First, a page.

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Taliban Violence Creating Social Revolution Among Pashtuns

A Eurasianet partner post from RFE/RL

Fifty-three-year-old Abdul Ahad Helmandwal is
accustomed to being the go-to guy in one of southern Afghanistan's most
violent areas.

From his mud compound in Helmand Province's Nad-e
Ali district, the turbaned ethnic Pashtun has for years looked after an
extended family whose 110 members -- particularly the young -- were
expected to obey him without question.

It had been that way since
the day his father was killed by a Soviet Army mine 25 years ago,
leaving Helmandwal to step into his shoes. Helmandwal's "mashartoob,"
the Pashto word for leadership, in his community was unchallenged.

It is evident that things have changed.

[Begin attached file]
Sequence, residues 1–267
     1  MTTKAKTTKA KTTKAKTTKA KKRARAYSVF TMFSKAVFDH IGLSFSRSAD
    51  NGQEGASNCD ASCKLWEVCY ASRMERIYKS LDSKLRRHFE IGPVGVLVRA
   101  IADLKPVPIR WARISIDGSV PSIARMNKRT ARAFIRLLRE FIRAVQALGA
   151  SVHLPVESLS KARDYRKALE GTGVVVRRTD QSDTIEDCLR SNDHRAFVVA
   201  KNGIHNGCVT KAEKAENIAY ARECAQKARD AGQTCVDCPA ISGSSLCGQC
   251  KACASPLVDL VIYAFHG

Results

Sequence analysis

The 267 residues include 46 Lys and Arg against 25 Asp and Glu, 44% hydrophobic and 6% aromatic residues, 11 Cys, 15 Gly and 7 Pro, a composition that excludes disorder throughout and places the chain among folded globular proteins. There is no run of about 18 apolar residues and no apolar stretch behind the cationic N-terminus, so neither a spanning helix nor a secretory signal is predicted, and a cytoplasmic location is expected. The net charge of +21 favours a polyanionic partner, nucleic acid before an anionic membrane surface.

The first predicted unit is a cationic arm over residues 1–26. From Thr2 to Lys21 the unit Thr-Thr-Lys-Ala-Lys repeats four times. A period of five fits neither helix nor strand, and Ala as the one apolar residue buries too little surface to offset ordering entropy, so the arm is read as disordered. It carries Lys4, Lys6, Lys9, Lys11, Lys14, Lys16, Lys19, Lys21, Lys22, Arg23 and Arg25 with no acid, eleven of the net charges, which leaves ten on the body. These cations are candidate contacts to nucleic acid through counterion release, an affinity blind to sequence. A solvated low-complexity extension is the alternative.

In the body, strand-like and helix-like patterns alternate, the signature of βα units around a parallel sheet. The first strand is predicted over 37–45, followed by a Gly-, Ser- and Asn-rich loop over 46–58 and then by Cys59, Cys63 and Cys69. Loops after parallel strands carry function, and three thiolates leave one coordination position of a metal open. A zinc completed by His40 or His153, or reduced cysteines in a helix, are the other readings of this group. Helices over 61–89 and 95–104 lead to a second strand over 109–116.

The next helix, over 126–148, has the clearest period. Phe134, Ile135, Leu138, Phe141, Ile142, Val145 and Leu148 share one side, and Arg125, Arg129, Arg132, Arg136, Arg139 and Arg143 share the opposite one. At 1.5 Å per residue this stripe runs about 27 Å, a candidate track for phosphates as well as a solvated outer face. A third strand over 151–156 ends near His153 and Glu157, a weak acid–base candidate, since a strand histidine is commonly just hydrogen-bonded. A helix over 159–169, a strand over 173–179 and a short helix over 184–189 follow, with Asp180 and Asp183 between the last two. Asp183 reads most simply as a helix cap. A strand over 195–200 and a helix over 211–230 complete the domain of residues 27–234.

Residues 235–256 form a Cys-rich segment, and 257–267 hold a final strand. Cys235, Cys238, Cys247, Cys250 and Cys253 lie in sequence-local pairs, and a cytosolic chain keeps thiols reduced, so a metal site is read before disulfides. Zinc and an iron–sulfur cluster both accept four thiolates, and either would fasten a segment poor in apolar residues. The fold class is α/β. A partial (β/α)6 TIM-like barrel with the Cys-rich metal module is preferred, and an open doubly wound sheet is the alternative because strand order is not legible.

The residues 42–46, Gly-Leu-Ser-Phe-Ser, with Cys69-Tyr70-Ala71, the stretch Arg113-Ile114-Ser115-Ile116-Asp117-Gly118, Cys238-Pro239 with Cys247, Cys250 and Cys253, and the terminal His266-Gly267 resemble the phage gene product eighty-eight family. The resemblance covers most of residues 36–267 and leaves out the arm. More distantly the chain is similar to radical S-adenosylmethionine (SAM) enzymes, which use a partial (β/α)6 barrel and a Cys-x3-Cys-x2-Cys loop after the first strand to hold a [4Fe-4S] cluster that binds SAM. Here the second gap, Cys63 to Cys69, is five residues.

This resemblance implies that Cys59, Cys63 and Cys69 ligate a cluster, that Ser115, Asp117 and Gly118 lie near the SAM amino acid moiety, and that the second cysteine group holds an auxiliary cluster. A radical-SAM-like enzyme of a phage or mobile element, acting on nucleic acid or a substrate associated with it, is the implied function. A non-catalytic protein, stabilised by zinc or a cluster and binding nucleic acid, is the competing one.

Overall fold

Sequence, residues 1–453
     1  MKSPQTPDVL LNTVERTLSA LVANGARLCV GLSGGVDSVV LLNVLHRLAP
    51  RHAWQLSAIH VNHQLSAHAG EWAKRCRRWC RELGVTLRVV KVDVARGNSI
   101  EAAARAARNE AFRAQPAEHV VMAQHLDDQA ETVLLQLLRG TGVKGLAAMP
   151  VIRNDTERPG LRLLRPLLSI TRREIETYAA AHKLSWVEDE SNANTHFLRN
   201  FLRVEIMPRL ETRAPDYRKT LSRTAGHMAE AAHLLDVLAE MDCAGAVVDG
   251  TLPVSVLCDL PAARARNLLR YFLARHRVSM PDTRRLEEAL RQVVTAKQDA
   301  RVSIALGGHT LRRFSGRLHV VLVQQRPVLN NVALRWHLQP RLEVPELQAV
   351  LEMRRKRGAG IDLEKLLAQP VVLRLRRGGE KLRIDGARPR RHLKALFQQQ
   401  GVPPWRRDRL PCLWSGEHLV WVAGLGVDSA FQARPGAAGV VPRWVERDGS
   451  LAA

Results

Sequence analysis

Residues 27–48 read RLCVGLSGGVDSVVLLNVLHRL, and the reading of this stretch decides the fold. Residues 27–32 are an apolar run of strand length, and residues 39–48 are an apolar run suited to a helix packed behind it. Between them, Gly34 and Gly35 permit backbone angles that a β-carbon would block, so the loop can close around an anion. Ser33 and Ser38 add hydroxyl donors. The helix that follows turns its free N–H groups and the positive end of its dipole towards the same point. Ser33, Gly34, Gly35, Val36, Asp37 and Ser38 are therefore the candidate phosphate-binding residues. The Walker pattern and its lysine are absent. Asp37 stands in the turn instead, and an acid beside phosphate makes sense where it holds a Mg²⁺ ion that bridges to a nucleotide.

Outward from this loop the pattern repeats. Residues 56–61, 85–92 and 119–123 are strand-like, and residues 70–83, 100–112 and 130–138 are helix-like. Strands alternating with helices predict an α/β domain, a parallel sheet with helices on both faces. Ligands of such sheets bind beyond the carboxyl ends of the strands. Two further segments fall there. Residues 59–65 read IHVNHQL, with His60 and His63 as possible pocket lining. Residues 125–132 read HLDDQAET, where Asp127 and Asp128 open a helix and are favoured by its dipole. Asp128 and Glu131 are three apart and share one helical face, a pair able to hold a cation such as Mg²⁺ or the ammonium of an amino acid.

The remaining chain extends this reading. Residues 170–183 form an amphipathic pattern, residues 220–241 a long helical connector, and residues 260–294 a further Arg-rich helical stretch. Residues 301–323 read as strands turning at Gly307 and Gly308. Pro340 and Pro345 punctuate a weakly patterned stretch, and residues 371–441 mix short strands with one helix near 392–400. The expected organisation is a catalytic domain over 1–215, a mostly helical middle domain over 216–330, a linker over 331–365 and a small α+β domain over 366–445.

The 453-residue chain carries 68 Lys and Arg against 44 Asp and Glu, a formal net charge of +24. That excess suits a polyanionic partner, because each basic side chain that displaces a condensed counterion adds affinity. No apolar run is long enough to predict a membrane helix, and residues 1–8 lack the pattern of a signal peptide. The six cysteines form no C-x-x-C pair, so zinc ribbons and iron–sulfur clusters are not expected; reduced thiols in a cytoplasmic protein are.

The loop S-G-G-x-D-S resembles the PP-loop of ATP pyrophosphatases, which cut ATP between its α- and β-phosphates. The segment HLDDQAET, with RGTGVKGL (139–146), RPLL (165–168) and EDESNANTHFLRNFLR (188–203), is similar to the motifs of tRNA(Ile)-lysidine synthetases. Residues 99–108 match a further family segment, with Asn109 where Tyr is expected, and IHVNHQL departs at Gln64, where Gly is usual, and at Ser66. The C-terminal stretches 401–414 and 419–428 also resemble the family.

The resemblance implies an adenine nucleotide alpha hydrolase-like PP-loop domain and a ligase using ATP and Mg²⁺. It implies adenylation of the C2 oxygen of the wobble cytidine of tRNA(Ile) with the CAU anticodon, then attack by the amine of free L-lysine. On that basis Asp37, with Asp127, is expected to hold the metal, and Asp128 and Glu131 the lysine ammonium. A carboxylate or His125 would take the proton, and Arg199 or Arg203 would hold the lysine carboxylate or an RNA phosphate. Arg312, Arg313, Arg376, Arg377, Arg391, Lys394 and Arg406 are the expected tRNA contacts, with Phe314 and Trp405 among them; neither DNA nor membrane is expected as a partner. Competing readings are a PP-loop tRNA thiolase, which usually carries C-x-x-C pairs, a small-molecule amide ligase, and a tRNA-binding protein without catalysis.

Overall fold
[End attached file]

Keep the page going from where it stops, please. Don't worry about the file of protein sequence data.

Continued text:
Whereas
Helmandwal's ancestors built legitimacy by regularly holding jirgas, or
local councils, to peacefully resolve local disputes, he is finding
that consensus no longer garners respect even among his own Noorzai
clan.

Elders Losing Control

Instead,
Helmandwal finds himself in a competition for influence against a foe

To read the full story

A Eurasianet partner post from RFE/RL

Taliban Violence Creating Social Revolution Among Pashtuns

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